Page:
. In Glover, the Supreme Court overruled the line of cases that held that "new appellate counsel may bypass an opportunity to raise ineffectiveness of trial counsel before appeal by way of a motion for new trial and then raise the issue on appeal and be entitled to a remand to the trial court for a resolution of the issue." Id. at 184, n. 6. Although in Glover the Supreme Court allowed a remand because it was not previously known that no remand was available, id. at 184-185 (2), that rule has been in place sufficiently long to bar such a remand in this case. Although it is true that appellate counsel raised this claim in the trial court, he did not do so before first filing the notice of appeal. This issue was therefore waived.
2. The cases cited by Price direct that when the constitutional right to assistance of appointed Counsel on appeal is violated, the remedy consists of the appointment of counsel and the right to an out-of-time appeal. See, e.g., McAuliffe v. Rutledge, 231 Ga. 745 (204 SE2d 141) (1974)
; Roberts v. Caldwell, 230 Ga. 223 (196 SE2d 444) (1973)
. Since counsel has been appointed for Price and he has been granted the right to an out-of-time appeal, the wrong has been remedied and his contention has no merit.
3. Price's contention that the trial court denied his motion for severance of parties is belied by the record, which shows that he made no such motion. At the beginning of the trial, counsel for Price's brother Charles, his co-defendant, moved for severance based upon the fact that evidence would be introduced regarding physical abuse of the child victims by appellant, which would prejudice Charles's defense. Price raised no objection when the trial court denied Charles's motion and did not himself move for severance. He has therefore shown no basis for appealing the trial court's ruling. Holland v. State, 197 Ga. App. 496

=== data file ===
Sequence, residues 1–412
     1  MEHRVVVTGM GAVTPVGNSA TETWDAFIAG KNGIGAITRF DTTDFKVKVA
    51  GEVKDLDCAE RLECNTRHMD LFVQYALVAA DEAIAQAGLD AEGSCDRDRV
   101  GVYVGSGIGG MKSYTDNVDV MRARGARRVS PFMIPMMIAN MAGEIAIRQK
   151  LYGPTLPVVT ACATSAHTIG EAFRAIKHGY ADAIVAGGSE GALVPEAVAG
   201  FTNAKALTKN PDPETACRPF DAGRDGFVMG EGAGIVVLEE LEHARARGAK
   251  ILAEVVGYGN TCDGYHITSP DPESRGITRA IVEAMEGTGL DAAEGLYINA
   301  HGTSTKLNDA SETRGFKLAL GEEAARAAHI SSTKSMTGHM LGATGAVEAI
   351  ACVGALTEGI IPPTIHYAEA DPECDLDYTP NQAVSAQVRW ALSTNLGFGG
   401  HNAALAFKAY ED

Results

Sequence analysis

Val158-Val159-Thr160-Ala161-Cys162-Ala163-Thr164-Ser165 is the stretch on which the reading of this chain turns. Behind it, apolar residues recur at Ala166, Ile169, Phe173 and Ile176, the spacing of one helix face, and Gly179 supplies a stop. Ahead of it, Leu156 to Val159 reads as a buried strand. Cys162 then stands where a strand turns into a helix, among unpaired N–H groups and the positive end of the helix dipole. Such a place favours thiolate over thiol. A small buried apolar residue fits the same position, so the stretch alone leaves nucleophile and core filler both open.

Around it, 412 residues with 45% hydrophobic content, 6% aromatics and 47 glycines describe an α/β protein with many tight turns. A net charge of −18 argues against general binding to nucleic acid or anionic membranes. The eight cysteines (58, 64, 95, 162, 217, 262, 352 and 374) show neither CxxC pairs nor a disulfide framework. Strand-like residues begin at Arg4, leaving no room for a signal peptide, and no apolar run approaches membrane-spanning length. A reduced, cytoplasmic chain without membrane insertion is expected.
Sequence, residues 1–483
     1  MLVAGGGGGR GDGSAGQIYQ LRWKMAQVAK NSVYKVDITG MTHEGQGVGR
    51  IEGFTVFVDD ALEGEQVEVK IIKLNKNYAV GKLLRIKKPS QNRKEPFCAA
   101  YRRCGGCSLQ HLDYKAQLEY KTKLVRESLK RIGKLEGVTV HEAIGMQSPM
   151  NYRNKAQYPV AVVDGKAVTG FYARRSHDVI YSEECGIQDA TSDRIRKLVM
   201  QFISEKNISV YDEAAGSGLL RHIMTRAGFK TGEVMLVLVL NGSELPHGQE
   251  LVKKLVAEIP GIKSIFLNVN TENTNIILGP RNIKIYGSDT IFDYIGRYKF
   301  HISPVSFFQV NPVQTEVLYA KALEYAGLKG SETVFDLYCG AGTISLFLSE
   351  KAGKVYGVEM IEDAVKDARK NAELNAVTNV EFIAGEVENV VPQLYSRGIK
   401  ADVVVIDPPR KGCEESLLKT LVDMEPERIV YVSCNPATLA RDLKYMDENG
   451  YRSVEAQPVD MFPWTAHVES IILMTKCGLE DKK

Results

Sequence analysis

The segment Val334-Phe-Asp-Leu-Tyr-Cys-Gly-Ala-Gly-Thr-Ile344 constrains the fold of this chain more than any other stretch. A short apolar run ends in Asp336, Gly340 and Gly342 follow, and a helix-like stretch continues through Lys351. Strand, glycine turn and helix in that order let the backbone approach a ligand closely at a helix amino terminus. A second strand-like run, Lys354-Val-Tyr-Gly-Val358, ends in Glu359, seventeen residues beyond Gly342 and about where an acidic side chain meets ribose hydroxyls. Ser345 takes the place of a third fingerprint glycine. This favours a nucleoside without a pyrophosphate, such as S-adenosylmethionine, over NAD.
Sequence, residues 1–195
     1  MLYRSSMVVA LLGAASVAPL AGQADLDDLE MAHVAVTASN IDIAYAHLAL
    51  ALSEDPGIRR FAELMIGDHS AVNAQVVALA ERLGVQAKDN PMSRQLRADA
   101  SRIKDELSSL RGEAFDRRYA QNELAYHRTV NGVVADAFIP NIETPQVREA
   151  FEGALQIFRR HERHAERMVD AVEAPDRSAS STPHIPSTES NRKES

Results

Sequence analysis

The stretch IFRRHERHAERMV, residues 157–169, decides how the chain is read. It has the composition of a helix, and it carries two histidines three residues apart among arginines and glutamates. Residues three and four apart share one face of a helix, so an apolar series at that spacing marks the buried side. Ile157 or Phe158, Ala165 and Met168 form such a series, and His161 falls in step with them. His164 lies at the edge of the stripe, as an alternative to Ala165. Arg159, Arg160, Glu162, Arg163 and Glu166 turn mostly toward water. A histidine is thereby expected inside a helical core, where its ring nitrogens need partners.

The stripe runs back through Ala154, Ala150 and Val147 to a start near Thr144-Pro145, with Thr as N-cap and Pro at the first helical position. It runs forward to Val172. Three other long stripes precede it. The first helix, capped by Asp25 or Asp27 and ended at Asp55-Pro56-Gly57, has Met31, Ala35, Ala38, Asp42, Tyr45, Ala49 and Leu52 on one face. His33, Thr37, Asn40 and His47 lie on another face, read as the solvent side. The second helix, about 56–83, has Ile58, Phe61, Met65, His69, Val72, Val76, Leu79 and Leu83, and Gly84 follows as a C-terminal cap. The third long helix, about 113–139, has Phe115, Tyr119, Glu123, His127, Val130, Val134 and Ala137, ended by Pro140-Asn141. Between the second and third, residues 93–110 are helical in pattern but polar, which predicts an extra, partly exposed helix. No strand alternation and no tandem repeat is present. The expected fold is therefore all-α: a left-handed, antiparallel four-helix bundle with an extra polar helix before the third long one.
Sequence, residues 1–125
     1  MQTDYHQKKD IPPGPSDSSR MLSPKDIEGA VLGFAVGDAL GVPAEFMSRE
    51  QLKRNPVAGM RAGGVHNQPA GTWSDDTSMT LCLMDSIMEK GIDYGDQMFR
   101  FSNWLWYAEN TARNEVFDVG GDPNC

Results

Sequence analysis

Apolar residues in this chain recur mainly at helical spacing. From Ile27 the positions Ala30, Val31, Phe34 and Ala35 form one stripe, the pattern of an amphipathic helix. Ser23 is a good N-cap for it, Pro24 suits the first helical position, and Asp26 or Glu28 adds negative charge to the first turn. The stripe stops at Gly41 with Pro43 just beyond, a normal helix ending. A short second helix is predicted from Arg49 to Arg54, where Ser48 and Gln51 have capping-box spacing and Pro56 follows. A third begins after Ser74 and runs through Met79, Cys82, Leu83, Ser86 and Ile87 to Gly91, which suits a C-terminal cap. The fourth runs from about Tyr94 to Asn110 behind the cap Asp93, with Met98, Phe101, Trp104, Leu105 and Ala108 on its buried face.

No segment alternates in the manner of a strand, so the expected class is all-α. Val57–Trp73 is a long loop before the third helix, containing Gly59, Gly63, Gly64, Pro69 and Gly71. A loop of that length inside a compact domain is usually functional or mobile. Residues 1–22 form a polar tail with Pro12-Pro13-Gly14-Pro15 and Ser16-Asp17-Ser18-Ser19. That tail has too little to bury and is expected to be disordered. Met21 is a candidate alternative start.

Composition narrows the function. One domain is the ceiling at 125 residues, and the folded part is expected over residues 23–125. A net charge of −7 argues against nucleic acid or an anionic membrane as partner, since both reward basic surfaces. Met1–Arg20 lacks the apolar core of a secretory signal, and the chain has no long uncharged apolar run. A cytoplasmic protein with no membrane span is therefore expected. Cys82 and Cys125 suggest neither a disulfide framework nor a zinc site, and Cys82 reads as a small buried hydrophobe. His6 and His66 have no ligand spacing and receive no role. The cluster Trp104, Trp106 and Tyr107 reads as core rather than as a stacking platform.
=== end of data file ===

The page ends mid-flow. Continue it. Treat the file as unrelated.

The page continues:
, 497 (1) (398 SE2d 810
4. Price raises the general grounds. At trial, the seven-year-old female victim testified that Price and his brother touched her "private" with their fingers and forced her to commit oral sex. She also testified that she committed oral sodomy with her own half-brother, Price's son, while Price and his brother watched because she feared if they did not, Price would "whoop" her half-brother with a belt buckle. Her brother testified that he witnessed Price and Charles each commit oral sodomy with his sister. A DFACS investigator and an investigator for the Lumpkin County Sheriff's Department both testified at trial that the seven-year-old victim told them of sexual abuse. An audiotape of a DFACS interview with the seven-year-old female victim in which she described the molestation was introduced at trial and played for the jury. A psychologist testified that the seven-year-old exhibited characteristics of an abused child.
Any inconsistencies in the testimony or between the testimony at trial and the taped testimony goes only to the credibility of the witnesses, which was for the jury to weigh. Ramsey v. State, 214 Ga. App. 743
, 744 (1) (448 SE2d 790
) (1994). This evidence was sufficient to authorize the jury to convict Price of the charged crimes under the standard set forth in Jackson v. Virginia, 443 U. S. 307 (99 SC 2781, 61 LE2d 560) (1979).
Albert F. Taylor, Jr., District Attorney, Mary E. Moore, Darrell E. Wilson, Assistant District Attorneys, for appellee.